Hǎo shū rú zhìyǒu
A good book is a good friend.
The study of any branch of art requires some acquaintance with the history of the people among whom the art was practised. This applies with additional force to China and to Chinese art, a still more distant and less familiar field of study. The native story of the development of Chinese culture makes it nearly as old as the civilisations of Egypt, Chaldea, and Susiana. These empires have long since culminated and disappeared below the horizon, while China has continued to exist, to work out its own ideas of art and ethics, and to elaborate the peculiar script which it retains today. The characters of the ancient Chinese script appear to have originated and developed in the valley of the Yellow River, and no connection has hitherto been satisfactorily traced with any other system of picture writing.
The division of the country into hereditary fiefs, conferred upon scions of the royal house and representatives of the former dynasties, led to ultimate disaster. As the power of the surrounding feudatories increased, that of the central kingdom waned, until it was unable to withstand the assaults of the barbarous tribes on the south and west. King Hsüan, a vigorous ruler, resisted the invaders with success; but little more than ten years after his death, the capital was taken by the barbarian tribes, and in the year 771 B.C., his son and successor, King Yu, was slain. The reign of King Yu is memorable for the record in the canonical Book of Odes of an eclipse of the sun on the 29th of August 776 B.C, the first of a long line of eclipses, which give points of chronological certainty to subsequent Chinese history.
His son and successor reigned at the new capital, Lo Yang, and the dynasty, known henceforward as the Eastern Chou, remained there, although its authority gradually dwindled to a shadow, in spite of all the efforts of Confucius and Mencius to reassert its rightful claims. The barbarian invaders were meanwhile driven out by a combination of the two feudal States of Chin (Tsin) and Ch’in, and the old capital was ceded to the latter, which was destined in time to supplant the Chou.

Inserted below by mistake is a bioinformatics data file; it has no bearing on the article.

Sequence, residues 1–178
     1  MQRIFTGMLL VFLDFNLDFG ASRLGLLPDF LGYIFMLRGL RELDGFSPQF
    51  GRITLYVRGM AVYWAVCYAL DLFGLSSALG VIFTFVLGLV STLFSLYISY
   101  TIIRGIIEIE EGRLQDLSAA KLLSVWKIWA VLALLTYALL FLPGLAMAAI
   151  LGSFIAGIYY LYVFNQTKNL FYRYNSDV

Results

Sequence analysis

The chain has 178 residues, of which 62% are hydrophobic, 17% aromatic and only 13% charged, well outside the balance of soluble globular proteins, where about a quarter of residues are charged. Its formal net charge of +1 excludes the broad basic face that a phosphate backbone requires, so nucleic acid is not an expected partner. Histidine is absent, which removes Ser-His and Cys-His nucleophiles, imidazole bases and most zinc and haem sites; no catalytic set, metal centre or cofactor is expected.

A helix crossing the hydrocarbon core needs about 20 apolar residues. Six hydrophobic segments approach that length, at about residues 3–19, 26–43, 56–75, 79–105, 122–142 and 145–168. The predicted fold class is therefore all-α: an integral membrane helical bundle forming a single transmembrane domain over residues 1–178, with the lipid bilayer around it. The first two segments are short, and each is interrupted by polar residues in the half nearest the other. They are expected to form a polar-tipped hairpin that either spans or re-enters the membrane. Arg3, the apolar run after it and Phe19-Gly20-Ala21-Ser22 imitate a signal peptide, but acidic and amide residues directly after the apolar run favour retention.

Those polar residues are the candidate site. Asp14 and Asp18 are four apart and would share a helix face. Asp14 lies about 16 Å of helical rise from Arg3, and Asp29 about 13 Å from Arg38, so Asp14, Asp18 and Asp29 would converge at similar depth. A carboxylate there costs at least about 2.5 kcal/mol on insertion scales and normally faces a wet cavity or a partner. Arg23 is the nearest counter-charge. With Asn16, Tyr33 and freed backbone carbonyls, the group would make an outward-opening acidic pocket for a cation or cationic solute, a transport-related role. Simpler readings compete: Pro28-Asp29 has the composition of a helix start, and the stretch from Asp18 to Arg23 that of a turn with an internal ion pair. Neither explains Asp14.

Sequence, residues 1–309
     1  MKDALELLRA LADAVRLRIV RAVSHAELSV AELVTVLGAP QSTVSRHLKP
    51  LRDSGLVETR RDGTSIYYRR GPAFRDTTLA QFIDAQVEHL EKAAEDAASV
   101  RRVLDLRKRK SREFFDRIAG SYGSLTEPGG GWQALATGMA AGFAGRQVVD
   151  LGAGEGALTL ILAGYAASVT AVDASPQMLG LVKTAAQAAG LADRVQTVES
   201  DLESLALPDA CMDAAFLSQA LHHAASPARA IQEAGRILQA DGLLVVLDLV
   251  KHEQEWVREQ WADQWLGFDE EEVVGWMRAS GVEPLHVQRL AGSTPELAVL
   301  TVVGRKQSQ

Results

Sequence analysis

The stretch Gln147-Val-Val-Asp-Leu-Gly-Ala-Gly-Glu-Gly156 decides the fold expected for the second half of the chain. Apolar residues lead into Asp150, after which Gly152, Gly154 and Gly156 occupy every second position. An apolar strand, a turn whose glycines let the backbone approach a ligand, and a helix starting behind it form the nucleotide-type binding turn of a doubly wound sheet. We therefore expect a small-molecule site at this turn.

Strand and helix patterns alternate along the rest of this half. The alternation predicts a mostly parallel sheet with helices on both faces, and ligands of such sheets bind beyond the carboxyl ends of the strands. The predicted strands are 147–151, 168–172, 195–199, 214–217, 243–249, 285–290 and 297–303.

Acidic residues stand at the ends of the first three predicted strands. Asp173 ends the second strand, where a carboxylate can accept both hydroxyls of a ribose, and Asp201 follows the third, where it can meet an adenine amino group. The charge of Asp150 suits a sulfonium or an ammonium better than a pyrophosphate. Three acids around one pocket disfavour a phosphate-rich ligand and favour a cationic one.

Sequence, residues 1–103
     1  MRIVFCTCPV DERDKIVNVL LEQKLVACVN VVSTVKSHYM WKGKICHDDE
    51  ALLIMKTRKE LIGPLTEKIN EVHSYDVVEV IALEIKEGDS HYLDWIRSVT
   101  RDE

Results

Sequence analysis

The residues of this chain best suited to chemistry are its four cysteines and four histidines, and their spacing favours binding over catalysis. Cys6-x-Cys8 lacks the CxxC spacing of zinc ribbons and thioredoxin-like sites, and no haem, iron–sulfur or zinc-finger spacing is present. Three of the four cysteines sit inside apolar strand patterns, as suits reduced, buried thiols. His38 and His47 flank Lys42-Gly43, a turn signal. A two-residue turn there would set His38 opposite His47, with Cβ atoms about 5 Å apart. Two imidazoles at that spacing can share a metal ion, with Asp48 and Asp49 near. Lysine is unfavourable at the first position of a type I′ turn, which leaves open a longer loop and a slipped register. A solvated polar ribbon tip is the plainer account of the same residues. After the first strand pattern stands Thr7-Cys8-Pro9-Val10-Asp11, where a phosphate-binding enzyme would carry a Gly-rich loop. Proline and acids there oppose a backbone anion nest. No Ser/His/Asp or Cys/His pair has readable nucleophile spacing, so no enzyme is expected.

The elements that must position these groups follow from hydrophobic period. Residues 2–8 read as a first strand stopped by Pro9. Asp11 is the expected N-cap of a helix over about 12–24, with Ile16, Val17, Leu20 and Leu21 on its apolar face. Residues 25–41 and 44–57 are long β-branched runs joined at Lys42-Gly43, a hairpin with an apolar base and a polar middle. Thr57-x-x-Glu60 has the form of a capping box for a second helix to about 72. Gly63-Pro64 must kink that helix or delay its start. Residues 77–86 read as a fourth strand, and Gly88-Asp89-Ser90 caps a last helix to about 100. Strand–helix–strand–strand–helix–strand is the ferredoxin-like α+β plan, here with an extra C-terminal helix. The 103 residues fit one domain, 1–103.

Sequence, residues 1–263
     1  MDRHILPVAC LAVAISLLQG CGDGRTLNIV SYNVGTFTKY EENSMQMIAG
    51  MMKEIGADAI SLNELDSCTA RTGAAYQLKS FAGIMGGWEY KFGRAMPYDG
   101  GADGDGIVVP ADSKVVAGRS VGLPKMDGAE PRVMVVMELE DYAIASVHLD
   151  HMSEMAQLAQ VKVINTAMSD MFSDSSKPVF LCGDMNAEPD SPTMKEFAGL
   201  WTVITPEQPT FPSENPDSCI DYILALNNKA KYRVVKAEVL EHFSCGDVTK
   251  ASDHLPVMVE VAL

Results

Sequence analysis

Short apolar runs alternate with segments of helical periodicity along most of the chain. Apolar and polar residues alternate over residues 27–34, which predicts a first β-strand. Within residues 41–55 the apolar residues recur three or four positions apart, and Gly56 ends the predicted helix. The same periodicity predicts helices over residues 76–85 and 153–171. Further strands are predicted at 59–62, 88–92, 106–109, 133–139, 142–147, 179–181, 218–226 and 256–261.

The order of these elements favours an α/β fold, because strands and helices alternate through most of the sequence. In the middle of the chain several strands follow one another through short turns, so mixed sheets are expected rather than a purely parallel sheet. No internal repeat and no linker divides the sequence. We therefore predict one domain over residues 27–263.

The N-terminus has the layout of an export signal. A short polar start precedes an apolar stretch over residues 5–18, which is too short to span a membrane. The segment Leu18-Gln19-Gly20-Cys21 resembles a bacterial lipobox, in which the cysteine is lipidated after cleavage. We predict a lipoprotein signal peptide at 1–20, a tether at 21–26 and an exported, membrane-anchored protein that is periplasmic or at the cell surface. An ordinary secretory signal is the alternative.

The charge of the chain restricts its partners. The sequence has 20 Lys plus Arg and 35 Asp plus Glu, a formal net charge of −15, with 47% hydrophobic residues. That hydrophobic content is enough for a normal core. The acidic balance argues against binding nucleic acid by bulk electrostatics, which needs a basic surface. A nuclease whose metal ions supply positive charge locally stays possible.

During the seventh century B.C., the power of the empire was swayed by confederacies of feudal princes, and the period (685-591 B.C.) is known in history as that of the Wu Pa, or “Five Leaders,” who figured in succession as maintainers of the Government of the Son of Heaven.
This system of presiding chiefs, or rather of leading States, checked for a time the prevailing disorder; but it was succeeded by the period of the contending States, when the country was again devastated by civil wars, which continued for more than two centuries, until King Nan, in 256, surrendered finally to the Prince of Ch’in and brought the Chou Dynasty to an end.
King Cheng succeeded to the throne of Ch’in in 246 B.C., and in 221 B.C., after he had conquered and annexed all the other States, he founded a new and homogeneous empire on the ruins of the feudal system. He extended the empire widely towards the south, drove back the Hiung-nu Turks from the north, and built the Great Wall as a rampart of defense against these horse-riding nomads. He tried to burn all historical books, declared himself the First Divus Augustus and decreed that his successor should be known as the Second, the Third, and so forth, even down to the ten-thousandth generation. But his ambitious projects came to nothing, as his son, who succeeded as Erh Shih Huang Ti, or Emperor of the second generation, in 209 B.C., was murdered by the eunuch Chao Kao two years later, and in 206 his grandson, a mere child, gave himself up to the founder of the House of Han, Liu Pang, bringing with him the jade seals of State, and was assassinated a few years later.
The civilization of China during the three ancient dynasties would appear to have been, so far as we know, mainly, if not entirely, an indigenous growth. Towards the close of this period, in the fifth and fourth centuries B.C., the Ch’in State (Shensi Province) extended its boundaries towards the south and west, and from its name was undoubtedly derived that of China, by which the country generally became known to the Hindus, Persians, Armenians, Arabs and Ancient Romans. About the same time or somewhat earlier, signs of an overland traffic with India, by way of Burma and Assam, appeared in the south-west, started by traders of the Shu State (Szechuan Province), by which route Hindu ideas of forest seclusion and asceticism penetrated and gave a marked colour to the early Taoist cult which sprang up in these parts.
|NAME OF DYNASTY||DURATION OF DYNASTY|
|Han||206 B.C. – 220 A.D.|
|Republic of China||1912|
|People’s Republic of China||1949|
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